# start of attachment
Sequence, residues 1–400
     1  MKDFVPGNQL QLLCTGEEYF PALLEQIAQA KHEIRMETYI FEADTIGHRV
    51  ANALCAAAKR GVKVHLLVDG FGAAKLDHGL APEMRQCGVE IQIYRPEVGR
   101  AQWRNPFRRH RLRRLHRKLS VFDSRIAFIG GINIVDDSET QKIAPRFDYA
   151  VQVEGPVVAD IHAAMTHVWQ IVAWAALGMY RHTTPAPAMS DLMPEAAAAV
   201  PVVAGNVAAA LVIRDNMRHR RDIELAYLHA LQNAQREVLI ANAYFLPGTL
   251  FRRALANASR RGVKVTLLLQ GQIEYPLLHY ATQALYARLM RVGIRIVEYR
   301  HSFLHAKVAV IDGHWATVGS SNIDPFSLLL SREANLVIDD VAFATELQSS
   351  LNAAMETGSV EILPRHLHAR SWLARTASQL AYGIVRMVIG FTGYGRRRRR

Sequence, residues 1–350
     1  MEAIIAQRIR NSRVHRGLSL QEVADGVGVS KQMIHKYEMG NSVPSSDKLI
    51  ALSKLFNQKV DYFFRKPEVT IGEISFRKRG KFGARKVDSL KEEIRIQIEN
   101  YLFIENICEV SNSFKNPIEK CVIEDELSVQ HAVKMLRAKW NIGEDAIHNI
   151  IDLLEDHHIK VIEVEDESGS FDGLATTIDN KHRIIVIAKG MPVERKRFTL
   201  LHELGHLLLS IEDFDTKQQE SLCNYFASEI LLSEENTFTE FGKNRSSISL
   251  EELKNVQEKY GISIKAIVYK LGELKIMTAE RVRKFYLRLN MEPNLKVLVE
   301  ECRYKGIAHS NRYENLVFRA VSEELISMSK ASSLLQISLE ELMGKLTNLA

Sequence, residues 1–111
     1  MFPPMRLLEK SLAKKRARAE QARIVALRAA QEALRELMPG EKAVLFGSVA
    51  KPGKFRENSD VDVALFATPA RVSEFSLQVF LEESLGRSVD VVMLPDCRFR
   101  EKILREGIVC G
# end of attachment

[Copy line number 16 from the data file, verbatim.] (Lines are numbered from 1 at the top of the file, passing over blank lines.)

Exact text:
   251  EELKNVQEKY GISIKAIVYK LGELKIMTAE RVRKFYLRLN MEPNLKVLVE